The oxygen secreted from the walnut tree,
the snap-pole green beans growing
up the side of the rusty garden fence, and
bags of aluminum cans stored in the shed
with the old cash registers from the antique store.
These are the golden frames caught and
edited onto organic film, etched into grey matter,
projected from a foggy lens onto reflective marble.
We abandoned the clubhouse because of spiders;
they took the place for themselves after a storm.
Our new abode was the patch of grass between the
walnut tree and the fence in the back corner of the yard;
shady, rough terrain from fallen walnuts, and
the grass always had a slight dew in places.
"The place where the snakes live" is what we called it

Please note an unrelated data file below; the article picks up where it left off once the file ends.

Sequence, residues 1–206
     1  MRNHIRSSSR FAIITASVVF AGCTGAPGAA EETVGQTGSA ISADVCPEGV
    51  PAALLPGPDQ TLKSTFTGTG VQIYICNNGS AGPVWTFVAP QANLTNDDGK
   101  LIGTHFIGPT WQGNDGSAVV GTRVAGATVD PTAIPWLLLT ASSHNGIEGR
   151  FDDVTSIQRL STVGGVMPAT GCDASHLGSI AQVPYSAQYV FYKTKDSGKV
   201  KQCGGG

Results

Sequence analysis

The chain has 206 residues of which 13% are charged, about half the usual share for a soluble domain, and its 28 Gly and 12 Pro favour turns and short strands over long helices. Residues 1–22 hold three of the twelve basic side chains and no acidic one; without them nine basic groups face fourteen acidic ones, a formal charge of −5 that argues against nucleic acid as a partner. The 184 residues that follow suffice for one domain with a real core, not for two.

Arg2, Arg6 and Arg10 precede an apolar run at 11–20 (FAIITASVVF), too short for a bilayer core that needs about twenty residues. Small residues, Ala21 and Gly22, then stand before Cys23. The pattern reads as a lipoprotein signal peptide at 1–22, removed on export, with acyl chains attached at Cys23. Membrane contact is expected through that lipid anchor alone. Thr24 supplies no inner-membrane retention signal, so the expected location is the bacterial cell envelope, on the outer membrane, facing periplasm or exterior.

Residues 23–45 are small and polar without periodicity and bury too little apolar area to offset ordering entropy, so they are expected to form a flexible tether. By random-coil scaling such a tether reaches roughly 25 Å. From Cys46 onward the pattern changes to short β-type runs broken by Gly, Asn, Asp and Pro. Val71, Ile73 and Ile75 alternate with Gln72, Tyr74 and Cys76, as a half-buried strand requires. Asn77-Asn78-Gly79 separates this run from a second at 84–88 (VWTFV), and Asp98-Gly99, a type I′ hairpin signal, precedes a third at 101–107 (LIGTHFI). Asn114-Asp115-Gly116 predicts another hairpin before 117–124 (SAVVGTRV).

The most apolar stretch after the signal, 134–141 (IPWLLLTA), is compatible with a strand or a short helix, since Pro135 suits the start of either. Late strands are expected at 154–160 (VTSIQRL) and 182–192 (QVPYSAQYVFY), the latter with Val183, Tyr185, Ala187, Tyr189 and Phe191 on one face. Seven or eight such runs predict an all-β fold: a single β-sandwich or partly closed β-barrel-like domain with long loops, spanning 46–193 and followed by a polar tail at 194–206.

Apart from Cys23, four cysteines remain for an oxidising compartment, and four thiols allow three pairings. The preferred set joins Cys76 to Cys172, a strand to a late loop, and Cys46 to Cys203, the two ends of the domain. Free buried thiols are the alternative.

when we were sprouts; now we could catch them in both hands.
One night, the wind blew over the shed doors;
flimsy, sliding rail, aluminum thing.
We slinked in and got to play with the old adding machines,
foreign tools, jars full of door hinges, and
rusty hand-crank egg beaters.
Eventually, the roof of the shed collected so many years
of twigs, walnut husks, and foliage fallen that
tiny trees began to pop their heads up from the clutter.
Crickets underneath the gutter guards-
two types; the black singers and the
ones you have to dig for that will draw blood
if they get a hold of one of your fingers.
Sometimes, if bravery was roused and boiling,
we would drift closer to the railroad tracks
in attempts to catch yellow jackets, or even hornets.
One popped their stinger into the back of my neck.